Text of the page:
The CVS is a bad idea, but suggesting that the Town or someone else purchase the property is a fantasy. Who will use open space on that marginal and noisy corner? It needs to have a decent structure with a suitable scale retail/office use ,similar to what was originally proposed, that will reinforce the pedestrian character of our wonderful Main Street. CVS is a high volume auto-oriented use, and is too powerful for that corner. But let's not allow ourselves to be distracted by unrealistic counter ...more
By pcw28 (1), Southampton on May 1, 14 8:20 AM
tenants plural?
By PBR (4953), Southampton on May 1, 14 12:29 PM
I would like the CVS. If was Whites or Barth's would the CAC still be complaining?
By The Real World (368), southampton on May 2, 14 10:29 AM
Yes if the scale of the operation was the same IMO. I use CVS, but this is the WRONG location for ANY 10,000 sf store with a high traffic flow.

CVS should wake up and withdraw the application, just like Lauerville's application for more staff housing.

NO NO NO.
By PBR (4953), Southampton on May 2, 14 11:34 AM
"CVS should wake up and withdraw the application, just like Lauerville's application for more staff housing."

CVS is in the business to make a profit. That would be foolish.

I believe that a CVS does NOT generate traffic - rather it absorbs it when located centrally like this. I.E. people will not be getting in their car and driving to CVS and then driving home. They will stop at CVS while they are driving by.

Sure that may snarl traffic, and I think the parking situation ...more
By Nature (2966), Hampton Bays on May 2, 14 4:02 PM
Park at the CVS in Southampton for an hour or so, and watch the traffic, then picture all this happening on the small site in BH. Lots of locals who are coming ONLY to this store from what I can see. A quick in and out, and lots of short-term parking. On a Saturday morning, the parking lot is quite crowded near the CVS.

Ditto for the CVS in East Hampton. Remember the young bicyclist who was run over last year? I believe this happened near the CVS there. Did we learn a lesson from her death, ...more
By PBR (4953), Southampton on May 2, 14 5:12 PM
My point, PBR, is that the people who frequent a CVS (in bridgehampton in particular) will already be driving by it. No doubt the parking lot will see a lot of in/out traffic. But the roads leading to CVS I don't believe would see additional traffic.
By Nature (2966), Hampton Bays on May 4, 14 11:01 AM
Yes I understood that. My point was that lots of locals use CVS as their pharmacy of choice, and that this is an independent and vibrant contributor to the traffic at any CVS. If anything, a new BH CVS (with its crowded parking lot) will cause existing CVS pharmacy customers to keep using the SH or EH CVS stores.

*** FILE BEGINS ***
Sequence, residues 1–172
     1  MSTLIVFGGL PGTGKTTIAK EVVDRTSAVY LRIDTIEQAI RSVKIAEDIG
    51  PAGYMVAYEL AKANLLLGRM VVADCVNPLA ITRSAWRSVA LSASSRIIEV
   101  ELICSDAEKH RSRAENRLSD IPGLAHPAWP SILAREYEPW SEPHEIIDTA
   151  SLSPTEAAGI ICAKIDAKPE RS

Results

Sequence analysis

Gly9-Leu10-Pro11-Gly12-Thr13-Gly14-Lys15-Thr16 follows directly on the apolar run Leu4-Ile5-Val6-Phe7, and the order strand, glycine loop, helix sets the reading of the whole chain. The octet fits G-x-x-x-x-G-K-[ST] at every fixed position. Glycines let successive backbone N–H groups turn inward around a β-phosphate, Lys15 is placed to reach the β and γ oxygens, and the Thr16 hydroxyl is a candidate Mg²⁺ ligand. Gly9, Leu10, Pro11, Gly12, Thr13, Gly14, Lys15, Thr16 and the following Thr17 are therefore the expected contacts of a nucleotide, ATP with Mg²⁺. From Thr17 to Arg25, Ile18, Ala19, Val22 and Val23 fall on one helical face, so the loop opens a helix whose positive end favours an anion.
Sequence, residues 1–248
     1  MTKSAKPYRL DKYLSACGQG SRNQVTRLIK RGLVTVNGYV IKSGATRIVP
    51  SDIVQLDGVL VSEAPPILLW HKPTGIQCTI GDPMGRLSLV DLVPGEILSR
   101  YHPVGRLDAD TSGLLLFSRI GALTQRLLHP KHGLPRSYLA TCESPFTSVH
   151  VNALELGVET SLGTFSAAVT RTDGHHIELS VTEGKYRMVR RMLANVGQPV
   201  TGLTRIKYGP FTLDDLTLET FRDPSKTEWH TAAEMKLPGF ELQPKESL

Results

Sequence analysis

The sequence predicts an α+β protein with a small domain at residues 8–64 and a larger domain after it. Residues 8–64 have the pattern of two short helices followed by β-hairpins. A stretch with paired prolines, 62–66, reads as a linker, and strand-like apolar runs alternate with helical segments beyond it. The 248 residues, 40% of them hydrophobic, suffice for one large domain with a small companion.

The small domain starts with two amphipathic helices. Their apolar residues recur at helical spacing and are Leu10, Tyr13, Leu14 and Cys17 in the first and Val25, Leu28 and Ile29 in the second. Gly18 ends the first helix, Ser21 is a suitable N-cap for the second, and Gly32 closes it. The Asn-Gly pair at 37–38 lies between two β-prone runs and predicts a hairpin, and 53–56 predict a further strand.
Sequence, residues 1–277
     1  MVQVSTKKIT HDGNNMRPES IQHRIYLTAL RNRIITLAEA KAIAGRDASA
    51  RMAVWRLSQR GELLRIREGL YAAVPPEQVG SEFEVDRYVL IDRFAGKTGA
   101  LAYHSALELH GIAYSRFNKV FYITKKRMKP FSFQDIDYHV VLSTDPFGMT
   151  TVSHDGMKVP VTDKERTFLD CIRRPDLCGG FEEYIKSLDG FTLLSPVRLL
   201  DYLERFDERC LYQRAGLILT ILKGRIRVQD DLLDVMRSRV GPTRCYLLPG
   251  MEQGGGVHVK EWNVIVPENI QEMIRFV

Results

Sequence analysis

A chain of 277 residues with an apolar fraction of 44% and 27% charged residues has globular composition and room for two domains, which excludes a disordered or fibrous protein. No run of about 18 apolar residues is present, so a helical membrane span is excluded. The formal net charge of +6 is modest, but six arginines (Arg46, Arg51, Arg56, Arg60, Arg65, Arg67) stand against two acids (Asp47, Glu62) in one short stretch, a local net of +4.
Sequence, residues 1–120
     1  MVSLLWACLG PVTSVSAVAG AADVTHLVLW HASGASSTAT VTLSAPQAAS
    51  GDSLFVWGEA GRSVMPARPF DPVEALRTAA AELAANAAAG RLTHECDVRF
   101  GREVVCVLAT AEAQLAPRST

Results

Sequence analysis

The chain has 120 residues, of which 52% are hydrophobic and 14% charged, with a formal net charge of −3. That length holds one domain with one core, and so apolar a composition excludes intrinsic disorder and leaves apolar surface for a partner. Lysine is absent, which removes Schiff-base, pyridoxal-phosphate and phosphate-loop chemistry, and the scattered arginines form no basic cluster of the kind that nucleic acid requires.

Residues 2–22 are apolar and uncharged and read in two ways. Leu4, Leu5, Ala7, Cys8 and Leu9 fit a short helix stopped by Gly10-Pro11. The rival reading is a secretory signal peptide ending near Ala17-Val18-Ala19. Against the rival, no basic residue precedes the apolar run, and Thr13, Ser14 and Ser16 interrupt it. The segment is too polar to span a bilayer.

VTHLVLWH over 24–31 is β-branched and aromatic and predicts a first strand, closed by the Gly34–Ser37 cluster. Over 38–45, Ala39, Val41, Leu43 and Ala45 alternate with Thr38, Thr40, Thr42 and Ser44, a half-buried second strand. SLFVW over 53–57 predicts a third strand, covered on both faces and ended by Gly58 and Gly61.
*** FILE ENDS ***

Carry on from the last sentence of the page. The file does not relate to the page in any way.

In this respect your preconception about the traffic going to CVS seems incorrect, hence my suggestion that you actually sit near the SH store for an hour and observe the actual ...more
By PBR (4953), Southampton on May 4, 14 11:24 AM
PS -- You may recall that the SH CVS took over a local pharmacy located between Tinker Bank and the IGA, hence its popularity with locals. CVS later moved into the IGA building and expanded into its present location, retaining its local clients IMO.

In this respect, the BH CVS traffic pattern may be closer to your projections, Nature.
By PBR (4953), Southampton on May 5, 14 3:40 PM
While you are on the subject, why would anyone care what Lauer does? All jealousy. Same with Lutnick.
By The Real World (368), southampton on May 2, 14 1:02 PM
Jealousy has nothing to do with it. Over-reaching by applicants does have everything to do with it -- stretching the law for the sake of greed, basically, and it is time to "just say no" as appropriate. [generally speaking that is, in my personal opinion -- not a comment about Mr. Lutnick's situation in particular.]
By PBR (4953), Southampton on May 2, 14 2:10 PM
Village of Westhampton did a moratorium when CVS tried to occupy the bowling alley. Sag Harbor simply made them go away.
By Summer Resident (250), Southampton N.Y. on May 4, 14 12:55 AM
1 member liked this comment
One must look at the new building in Westhampton that True Value has moved in to just to realize the village doesn't know what it is doing. Built backwards. Looks vacant. Horrible.
By The Real World (368), southampton on May 5, 14 7:30 AM